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The Five Things We Cannot Change

admin Satori Nation Sunday, June 2nd 2013.

Why is it that despite our best efforts, many of us remain fundamentally unhappy and unfulfilled in our lives? In this provocative and inspiring book, David Richo distills thirty years of experience as a therapist to explain the underlying roots of unhappiness—and the surprising secret to finding freedom and fulfillment. 

There are certain facts of life that we cannot change - the unavoidable "givens" of human existence:

1. Everything changes - nothing last forever. 
Everything ends, every beginning is the start of an end. Relationships end, people die. Seasons turn, things change. Get used to it. Learn to let go gracefully, change and grow yourself. 

2. Things do not always go according to plan 
The best laid plans often go astray. No plan survives contact with reality. Adapt, improvise, flex, adjust your sails, innovate. Things turn out best for those who make the best of how things turn out. Plans are useless but planning is invaluable. 

3. Life is not always fair 
Some serious wrongs cry out to be righted but many more are best dealt with by moving on and not getting ensnared in a negative energy cycle. 

4. Pain is part of life 
There is a cost to everything and suffering may be part of that cost. Pain is not necessarily punishment and pleasure is not necessarily a reward. Pain can be a source of tremendous personal growth. But there is no need to seek out pain to speed your growth. Life will send you your proper measure! 

5. People are not loving and loyal all the time 
We are social, gregarious creatures. We depend on each other. But people are human and inevitably let us down. Our work as healthy adults is to feel this fear of betrayal and abandonment and deal with it, embrace it, learn from it, grow beyond it, NOT run from the fear. Running only strengthens fear.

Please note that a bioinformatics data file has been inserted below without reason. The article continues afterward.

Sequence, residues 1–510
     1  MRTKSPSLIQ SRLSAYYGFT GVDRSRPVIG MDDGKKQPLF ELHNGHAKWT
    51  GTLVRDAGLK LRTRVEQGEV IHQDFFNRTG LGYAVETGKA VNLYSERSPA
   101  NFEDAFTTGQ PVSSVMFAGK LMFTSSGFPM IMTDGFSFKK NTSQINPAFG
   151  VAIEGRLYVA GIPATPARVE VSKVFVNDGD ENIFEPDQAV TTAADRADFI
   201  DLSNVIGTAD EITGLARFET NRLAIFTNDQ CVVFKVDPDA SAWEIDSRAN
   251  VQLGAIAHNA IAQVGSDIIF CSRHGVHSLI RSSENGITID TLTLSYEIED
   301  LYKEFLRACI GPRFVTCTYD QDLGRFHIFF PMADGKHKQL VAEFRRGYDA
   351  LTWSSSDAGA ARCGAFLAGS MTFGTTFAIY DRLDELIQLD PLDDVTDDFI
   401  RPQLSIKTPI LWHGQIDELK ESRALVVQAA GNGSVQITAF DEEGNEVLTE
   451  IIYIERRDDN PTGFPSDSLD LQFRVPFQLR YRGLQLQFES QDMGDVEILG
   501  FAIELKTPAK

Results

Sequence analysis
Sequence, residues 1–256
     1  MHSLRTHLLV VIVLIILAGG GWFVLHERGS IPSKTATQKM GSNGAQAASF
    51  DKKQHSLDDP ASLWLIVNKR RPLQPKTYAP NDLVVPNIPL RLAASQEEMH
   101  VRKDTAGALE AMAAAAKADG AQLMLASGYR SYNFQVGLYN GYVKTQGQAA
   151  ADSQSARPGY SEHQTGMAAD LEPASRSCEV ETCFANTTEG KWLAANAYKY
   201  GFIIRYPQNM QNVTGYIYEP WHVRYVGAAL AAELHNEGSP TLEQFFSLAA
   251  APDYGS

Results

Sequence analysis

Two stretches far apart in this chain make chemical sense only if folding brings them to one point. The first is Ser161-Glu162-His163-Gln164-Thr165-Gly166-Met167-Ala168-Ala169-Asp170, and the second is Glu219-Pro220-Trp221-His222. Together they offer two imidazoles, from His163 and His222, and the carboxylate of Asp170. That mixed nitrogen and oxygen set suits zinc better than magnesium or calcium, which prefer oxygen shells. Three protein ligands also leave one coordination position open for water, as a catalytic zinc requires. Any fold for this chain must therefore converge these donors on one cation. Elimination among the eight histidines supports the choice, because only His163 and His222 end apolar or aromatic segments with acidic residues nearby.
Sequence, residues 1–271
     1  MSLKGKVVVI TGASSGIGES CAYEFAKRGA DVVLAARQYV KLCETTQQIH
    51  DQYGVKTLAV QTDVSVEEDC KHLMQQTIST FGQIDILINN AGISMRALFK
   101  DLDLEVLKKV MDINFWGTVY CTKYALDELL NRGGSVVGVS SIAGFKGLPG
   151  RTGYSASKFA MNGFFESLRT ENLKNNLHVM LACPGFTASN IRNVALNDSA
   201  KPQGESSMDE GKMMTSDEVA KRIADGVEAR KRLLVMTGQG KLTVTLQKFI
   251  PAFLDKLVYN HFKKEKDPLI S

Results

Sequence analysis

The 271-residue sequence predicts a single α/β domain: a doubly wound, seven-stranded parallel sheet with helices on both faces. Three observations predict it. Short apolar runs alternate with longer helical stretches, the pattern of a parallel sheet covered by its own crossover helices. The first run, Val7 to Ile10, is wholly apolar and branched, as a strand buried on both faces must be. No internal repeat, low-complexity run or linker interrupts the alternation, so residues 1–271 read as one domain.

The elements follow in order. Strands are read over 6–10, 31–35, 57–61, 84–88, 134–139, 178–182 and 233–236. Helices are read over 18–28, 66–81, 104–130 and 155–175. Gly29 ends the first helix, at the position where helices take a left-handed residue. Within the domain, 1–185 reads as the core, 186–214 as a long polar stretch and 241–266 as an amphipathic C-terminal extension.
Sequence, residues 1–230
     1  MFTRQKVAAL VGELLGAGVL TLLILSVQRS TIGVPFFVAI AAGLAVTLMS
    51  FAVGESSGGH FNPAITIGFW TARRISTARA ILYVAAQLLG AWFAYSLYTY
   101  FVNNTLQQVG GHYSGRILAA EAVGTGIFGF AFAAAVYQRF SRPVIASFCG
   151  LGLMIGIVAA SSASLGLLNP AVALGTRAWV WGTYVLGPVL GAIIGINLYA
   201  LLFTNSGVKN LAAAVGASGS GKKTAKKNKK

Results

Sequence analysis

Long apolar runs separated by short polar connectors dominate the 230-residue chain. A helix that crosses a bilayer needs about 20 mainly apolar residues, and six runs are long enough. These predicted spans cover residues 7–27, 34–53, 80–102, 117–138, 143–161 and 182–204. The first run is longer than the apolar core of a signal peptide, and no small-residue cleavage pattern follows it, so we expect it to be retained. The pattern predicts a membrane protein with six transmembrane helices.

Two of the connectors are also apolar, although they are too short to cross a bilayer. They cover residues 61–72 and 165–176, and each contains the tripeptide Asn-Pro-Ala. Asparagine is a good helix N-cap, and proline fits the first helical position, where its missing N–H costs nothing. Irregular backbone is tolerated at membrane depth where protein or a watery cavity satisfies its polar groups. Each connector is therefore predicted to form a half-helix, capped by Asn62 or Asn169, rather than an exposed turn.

FACE: 

F--Fear: I am afraid I cannot survive if I am not loved, and this is how I am a source of suffering to myself. 

A--Attachment: I am attached to a very specific version of how things should be, of what life owes me, and this is how I am a source of suffering to myself. 

C--Control: I feel the need to control others' reactions to me and interactions with me, and this is how I am a source of suffering to myself. 

E--Entitlement: I believe I am entitled to love and loyalty from everyone, and this is how I am a source of suffering to myself. 

Solution: Acknowledging and accepting, moving beyond what you can't change to the inner work of what you can change: Yourself.

Richo shows us that by dropping our deep-seated resistance to these givens, we can find liberation and discover the true richness that life has to offer. Blending Western psychology and Eastern spirituality, including practical exercises, Richo shows us how to open up to our lives - including to what is frightening, painful, or disappointing - and discover our greatest gifts. 

 

Shambhala Publications Inc.